I remember the day my 3- and 4-year-old came to meet their new sister at the hospital. They had entered the room so cautiously, but that all changed the moment they saw her. They excitedly ran over to the bed — eager to see their baby, as they called her. Now that she’s been home with us for a few weeks, I’ve loved seeing their bond grow and develop. What hasn’t been so great, though, is the clear behavior regressions in my toddlers.
There has been a lot of acting out towards me and their father. Also, if I’m carrying their sister, they want me to carry them too. At the exact same time. Or if I’m nursing, they will bring their plates of food over, to sit in my lap so that I can feed them. While I know this is normal, it’s been challenging to maneuver.
“Bringing a baby home is new,” says Chelsea Kunde, Licensed Associate Marriage and Family Therapist, and Owner of Building Blocks Az. “Many things change and this can cause stress. Typically, in younger children, they do not understand these changes or what their new roles mean so we see them acting out in different ways.”
She also adds that sometimes the way this stress manifests itself is in what we call “regression,” i.e. potty training issues and sleeping issues. “They can be reaching for areas in their life they can control.”
Kunde suggests remembering that any reaction is an “okay” reaction. “Children often have a way of expressing how they feel emotionally in a physical way. Just know this can be normal. We can normalize the behavior, but we don’t have to give in. We can validate their feelings without saying a behavior is okay.”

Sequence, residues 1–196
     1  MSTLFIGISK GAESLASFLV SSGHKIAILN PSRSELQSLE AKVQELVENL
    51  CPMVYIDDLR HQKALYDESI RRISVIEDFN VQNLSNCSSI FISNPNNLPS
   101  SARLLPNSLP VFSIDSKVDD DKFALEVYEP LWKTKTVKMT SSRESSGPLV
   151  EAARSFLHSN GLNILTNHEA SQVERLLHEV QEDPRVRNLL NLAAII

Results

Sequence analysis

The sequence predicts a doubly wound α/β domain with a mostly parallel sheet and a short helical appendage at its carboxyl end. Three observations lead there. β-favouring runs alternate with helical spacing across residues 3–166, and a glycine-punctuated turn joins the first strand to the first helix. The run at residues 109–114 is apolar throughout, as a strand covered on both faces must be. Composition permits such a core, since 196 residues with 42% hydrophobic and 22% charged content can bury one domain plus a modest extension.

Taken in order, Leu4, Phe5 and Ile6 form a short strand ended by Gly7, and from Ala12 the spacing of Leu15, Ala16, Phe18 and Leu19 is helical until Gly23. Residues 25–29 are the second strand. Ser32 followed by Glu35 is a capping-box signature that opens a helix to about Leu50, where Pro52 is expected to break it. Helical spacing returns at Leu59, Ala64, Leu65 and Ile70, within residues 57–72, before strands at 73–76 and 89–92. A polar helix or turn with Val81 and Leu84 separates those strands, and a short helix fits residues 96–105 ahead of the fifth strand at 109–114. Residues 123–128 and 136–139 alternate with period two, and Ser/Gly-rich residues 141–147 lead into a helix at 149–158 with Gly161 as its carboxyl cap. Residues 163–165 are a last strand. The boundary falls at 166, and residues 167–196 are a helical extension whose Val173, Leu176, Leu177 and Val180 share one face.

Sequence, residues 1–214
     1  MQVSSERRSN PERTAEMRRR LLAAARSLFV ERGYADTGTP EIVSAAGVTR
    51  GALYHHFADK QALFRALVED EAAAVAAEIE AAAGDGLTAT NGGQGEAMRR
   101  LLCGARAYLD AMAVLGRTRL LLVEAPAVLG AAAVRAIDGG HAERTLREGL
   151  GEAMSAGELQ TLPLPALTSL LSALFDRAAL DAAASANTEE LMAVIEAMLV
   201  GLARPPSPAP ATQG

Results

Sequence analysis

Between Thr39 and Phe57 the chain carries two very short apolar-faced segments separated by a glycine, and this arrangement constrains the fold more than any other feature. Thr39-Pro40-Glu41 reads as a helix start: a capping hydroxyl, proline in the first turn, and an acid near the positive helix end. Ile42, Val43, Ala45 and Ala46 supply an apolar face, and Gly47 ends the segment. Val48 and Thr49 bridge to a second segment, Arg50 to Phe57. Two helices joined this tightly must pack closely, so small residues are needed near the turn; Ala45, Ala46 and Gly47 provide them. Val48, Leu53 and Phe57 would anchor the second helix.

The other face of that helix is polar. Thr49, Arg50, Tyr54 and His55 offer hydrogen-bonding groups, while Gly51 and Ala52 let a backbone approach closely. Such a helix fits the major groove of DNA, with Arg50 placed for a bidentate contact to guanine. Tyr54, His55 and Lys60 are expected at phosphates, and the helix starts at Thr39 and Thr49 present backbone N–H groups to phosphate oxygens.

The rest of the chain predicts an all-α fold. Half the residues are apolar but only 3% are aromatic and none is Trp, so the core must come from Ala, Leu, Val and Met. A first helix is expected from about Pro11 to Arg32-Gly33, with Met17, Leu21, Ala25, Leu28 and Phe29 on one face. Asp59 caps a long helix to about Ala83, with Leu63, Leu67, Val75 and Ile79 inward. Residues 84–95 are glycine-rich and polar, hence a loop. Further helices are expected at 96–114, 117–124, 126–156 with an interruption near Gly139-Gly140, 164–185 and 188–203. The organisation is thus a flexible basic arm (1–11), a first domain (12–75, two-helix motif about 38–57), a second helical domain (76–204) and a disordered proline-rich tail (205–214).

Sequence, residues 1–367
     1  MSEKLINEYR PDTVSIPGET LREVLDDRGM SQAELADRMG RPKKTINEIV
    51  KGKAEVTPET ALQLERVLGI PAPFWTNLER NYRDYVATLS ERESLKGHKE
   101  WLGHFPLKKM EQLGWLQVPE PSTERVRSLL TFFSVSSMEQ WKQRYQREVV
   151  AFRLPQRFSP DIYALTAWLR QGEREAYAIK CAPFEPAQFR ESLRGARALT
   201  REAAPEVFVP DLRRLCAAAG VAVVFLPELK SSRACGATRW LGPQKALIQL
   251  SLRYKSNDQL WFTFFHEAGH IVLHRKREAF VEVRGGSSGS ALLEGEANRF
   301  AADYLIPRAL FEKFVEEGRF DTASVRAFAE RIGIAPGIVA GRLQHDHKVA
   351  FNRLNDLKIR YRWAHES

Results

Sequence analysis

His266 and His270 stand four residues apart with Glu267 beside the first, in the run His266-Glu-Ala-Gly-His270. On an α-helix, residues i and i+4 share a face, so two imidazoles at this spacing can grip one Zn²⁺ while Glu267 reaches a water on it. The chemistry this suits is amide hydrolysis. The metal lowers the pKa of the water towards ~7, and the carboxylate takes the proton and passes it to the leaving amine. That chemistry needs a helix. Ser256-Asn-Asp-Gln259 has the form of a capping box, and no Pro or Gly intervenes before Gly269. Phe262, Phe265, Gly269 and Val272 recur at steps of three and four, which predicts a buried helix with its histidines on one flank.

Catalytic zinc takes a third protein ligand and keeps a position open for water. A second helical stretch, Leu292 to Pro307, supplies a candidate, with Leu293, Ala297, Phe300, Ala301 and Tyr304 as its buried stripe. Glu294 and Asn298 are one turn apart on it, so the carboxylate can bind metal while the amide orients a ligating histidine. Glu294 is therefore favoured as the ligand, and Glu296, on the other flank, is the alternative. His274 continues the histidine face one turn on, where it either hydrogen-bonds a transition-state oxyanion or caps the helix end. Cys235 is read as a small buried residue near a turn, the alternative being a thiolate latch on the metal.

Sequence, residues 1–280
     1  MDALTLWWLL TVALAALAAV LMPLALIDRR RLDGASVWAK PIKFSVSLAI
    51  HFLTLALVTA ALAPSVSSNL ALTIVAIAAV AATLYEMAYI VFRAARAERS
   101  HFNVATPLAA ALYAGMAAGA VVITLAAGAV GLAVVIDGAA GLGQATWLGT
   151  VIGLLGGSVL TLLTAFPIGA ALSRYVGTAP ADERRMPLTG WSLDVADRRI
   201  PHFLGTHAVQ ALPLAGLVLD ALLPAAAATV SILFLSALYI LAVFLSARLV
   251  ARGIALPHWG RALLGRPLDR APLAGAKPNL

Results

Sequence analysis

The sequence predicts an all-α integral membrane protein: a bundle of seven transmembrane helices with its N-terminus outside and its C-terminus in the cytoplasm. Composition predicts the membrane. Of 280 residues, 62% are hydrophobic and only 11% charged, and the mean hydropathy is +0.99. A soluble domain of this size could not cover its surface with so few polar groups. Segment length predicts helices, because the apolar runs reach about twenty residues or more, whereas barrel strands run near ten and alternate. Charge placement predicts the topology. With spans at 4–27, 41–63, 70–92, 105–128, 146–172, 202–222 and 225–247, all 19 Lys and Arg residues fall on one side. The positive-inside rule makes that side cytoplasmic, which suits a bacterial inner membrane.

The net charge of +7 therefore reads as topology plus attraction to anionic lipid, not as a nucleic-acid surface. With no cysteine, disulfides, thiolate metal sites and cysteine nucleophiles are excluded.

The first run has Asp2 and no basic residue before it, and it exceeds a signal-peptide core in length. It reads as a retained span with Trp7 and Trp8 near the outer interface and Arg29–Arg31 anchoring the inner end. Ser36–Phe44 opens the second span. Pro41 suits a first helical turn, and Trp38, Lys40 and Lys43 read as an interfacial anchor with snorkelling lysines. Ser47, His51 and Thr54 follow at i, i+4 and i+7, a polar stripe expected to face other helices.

Here’s an example of how to share your attention, validate their feelings, and give the older child some special time: “I know sharing my attention is hard with the new baby. Once the baby takes a nap, let’s play!”
Talk about what will change and what will stay the same. Also, talk about the wonderful things about having a baby and the things that can be annoying. For instance, with my daughter, I would empathize with how she was feeling about feeding time, shares Kunde. I had real conversations with her about the frustration of having to feed her sister so often in the beginning. We would also have conversations about how fun it was for her to help me change her sister’s diaper. Balance the real emotions. They are feeling it all, as are we.
Things like grabbing a diaper, helping to get the wipes, or helping to burp the baby [are great ways to include an older sibling].
Good boundaries and expectations are key in this change. For example, telling your older child: “You may hold the baby when an adult says it’s okay, is watching, and you are sitting on a couch. You may not hold the baby when you are walking or if an adult doesn’t say you can.”
According to Kunde, tantrums will happen. “Clinically, I have often seen this happen where the tantrums or changes in behaviors almost seem delayed or unrelated to the baby. But most likely it is related.” She suggests:
“I see this a lot when a new baby comes home,” says Kunde. “I cannot stress enough how important consistency and routine are.” Try to:
Prepare for the “worst” but hope for the best! And enjoy!
Story photos provided by author.
This site uses Akismet to reduce spam. Learn how your comment data is processed.